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when I type:

 uname -v

from where this command (uname -v) take the OS version ? from which file/configuration-files ?

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which version of Solaris are you running ? –  Iain Jan 9 '12 at 10:58

2 Answers 2

up vote 2 down vote accepted

On Solaris, the uname(2) system call provides this information from the running kernel image. Your kernel image is likely at

/platform/`uname -m`/kernel/unix

or similar.

Where you can find old kernel images depends on how you upgraded your system. On newer versions of Solaris, if you have used Live Upgrade, lustatus will show you the available boot environments.

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uname get's it's information from the /proc filesystem, which is a representation of the currently running kernel.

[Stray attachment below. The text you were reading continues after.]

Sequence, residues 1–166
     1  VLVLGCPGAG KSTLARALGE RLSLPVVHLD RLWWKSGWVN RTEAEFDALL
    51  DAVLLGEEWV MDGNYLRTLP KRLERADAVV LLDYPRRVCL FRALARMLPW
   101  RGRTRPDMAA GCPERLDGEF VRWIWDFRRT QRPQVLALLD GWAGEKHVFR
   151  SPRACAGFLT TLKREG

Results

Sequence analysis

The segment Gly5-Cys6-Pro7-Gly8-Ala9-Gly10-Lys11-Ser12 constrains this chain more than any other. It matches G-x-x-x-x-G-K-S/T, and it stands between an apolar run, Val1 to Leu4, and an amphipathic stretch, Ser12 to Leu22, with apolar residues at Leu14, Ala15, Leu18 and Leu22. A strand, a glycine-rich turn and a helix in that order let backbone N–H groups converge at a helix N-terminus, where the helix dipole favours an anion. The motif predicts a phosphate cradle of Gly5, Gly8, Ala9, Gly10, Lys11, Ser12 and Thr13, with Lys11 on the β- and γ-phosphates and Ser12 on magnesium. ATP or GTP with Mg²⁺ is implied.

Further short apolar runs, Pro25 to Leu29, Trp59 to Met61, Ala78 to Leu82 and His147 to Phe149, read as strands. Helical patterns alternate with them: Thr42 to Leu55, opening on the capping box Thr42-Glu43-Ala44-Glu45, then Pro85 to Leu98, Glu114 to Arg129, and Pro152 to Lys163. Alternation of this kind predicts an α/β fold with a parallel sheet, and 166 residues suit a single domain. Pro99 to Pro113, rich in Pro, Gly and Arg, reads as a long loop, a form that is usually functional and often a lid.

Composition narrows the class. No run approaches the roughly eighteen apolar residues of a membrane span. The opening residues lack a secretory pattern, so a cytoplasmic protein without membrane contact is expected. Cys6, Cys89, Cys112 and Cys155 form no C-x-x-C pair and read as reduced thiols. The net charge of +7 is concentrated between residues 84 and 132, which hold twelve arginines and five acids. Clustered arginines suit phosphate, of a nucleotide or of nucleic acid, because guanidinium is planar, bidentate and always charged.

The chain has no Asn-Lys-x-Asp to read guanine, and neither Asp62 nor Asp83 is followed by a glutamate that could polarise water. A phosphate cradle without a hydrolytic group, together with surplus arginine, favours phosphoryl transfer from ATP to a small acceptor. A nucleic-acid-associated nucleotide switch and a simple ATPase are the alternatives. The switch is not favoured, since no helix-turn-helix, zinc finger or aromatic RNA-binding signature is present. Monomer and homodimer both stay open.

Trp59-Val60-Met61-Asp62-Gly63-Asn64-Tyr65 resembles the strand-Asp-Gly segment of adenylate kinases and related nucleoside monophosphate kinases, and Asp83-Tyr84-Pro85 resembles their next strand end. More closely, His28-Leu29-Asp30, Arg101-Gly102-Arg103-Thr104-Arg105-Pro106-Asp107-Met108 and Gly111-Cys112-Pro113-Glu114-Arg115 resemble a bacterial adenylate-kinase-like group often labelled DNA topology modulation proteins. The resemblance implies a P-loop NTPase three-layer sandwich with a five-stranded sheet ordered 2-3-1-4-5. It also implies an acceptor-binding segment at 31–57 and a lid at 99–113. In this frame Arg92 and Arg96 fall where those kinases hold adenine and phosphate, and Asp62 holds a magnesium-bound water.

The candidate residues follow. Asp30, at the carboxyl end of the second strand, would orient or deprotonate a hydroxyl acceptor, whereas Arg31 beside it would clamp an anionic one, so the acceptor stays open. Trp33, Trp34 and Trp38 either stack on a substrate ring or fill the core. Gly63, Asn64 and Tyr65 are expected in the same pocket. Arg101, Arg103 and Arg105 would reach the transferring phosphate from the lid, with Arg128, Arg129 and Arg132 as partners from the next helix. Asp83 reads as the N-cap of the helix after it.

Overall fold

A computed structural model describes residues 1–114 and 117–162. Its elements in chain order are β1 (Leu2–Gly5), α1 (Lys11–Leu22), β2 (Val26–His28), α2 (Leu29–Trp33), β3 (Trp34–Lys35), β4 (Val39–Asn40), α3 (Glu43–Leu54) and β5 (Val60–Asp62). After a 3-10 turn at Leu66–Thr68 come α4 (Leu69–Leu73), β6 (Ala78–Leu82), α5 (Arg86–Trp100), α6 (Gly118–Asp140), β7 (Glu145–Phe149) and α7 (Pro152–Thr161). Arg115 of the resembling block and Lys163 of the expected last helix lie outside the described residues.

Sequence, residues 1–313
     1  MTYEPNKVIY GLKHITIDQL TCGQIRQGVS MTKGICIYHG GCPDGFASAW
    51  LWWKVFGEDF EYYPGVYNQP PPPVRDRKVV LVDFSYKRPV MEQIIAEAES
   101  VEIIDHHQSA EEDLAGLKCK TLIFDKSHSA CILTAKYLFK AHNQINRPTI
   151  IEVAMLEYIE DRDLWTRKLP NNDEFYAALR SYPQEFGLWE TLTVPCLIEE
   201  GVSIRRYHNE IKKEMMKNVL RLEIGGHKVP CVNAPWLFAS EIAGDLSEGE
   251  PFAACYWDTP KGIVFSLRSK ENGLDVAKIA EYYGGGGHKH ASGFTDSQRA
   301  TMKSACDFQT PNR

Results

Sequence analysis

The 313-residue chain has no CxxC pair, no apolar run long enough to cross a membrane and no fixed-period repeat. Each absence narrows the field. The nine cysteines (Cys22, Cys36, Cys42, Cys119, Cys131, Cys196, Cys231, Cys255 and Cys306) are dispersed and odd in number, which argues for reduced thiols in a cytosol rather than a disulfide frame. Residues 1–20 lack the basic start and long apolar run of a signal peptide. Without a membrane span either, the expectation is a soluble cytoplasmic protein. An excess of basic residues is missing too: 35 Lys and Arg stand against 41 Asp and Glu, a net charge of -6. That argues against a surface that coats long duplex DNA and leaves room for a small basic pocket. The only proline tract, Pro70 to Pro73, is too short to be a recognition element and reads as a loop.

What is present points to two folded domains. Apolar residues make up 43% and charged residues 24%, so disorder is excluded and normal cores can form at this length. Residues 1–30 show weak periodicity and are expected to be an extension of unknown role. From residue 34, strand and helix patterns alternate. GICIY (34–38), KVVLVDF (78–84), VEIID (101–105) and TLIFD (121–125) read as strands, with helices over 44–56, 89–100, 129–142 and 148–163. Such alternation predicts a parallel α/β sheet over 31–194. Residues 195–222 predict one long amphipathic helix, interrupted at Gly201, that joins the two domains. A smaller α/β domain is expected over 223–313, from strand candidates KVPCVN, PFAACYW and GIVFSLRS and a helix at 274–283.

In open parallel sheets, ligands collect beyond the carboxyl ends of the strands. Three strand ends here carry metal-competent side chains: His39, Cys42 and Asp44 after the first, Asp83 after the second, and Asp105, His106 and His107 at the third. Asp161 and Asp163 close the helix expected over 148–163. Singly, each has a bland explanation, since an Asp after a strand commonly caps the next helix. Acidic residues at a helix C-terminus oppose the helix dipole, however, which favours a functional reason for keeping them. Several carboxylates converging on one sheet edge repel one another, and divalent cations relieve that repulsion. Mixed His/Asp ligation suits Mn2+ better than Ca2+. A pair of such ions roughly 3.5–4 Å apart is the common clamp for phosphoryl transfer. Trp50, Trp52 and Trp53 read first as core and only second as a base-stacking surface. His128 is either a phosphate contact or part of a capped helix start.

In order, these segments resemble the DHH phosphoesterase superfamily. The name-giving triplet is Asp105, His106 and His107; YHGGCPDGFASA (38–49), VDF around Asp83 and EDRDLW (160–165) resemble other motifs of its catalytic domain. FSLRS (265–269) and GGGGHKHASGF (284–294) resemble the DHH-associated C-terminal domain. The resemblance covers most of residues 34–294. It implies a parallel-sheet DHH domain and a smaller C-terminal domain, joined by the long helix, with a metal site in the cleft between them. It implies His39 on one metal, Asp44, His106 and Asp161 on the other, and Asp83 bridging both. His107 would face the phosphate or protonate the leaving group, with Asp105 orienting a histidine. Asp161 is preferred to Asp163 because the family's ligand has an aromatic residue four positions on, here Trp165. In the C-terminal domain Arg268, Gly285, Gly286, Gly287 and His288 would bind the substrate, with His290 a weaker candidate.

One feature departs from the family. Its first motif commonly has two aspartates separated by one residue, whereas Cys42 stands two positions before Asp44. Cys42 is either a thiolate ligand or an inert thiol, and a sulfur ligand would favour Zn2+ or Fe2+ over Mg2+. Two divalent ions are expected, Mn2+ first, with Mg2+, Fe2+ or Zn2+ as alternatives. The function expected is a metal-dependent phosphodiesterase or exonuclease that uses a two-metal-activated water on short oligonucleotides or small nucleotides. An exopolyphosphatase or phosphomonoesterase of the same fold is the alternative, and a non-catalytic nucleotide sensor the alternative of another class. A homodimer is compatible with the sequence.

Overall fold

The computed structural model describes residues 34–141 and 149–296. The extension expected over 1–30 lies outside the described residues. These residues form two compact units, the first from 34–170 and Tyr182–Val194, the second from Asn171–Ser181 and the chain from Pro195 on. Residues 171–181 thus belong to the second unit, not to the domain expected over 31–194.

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Did you know which file under /proc have the previous OS version , I ask this because I upgrade my SOLARIS version and I need to know also the previous OS version , so how to identify this info ? –  Eytan Jan 9 '12 at 10:37
    
Normally it's in /proc/version –  SimonJGreen Jan 9 '12 at 10:39
    
in SOLARIS I not have the file /proc/version –  Eytan Jan 9 '12 at 10:44
2  
Usually uname(1) uses the uname(2) syscall; this is true in at least Linux and Solaris. –  Richard Kettlewell Jan 9 '12 at 17:12
1  
@SimonJGreen Solaris doesn't (ab)use the /proc filesystem in the same way Linux does. /proc is only for information about running processes. –  James O'Gorman Jan 10 '12 at 14:23

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